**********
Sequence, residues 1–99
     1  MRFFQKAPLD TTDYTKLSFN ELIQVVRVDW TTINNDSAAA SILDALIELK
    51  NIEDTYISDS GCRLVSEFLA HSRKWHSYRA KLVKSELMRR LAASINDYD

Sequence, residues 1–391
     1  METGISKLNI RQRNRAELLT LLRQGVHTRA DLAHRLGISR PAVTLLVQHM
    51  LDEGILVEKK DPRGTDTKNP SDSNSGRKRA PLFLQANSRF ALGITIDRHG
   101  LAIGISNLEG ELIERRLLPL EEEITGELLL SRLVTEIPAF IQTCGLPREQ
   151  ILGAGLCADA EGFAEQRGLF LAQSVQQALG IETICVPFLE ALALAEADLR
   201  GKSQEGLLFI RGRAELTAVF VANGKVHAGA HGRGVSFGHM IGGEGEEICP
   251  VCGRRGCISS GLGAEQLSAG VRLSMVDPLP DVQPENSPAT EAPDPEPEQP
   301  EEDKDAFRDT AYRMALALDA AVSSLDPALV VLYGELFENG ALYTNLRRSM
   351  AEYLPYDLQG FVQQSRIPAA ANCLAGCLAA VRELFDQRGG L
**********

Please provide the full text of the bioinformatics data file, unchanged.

Sequence, residues 1–99
     1  MRFFQKAPLD TTDYTKLSFN ELIQVVRVDW TTINNDSAAA SILDALIELK
    51  NIEDTYISDS GCRLVSEFLA HSRKWHSYRA KLVKSELMRR LAASINDYD

Sequence, residues 1–391
     1  METGISKLNI RQRNRAELLT LLRQGVHTRA DLAHRLGISR PAVTLLVQHM
    51  LDEGILVEKK DPRGTDTKNP SDSNSGRKRA PLFLQANSRF ALGITIDRHG
   101  LAIGISNLEG ELIERRLLPL EEEITGELLL SRLVTEIPAF IQTCGLPREQ
   151  ILGAGLCADA EGFAEQRGLF LAQSVQQALG IETICVPFLE ALALAEADLR
   201  GKSQEGLLFI RGRAELTAVF VANGKVHAGA HGRGVSFGHM IGGEGEEICP
   251  VCGRRGCISS GLGAEQLSAG VRLSMVDPLP DVQPENSPAT EAPDPEPEQP
   301  EEDKDAFRDT AYRMALALDA AVSSLDPALV VLYGELFENG ALYTNLRRSM
   351  AEYLPYDLQG FVQQSRIPAA ANCLAGCLAA VRELFDQRGG L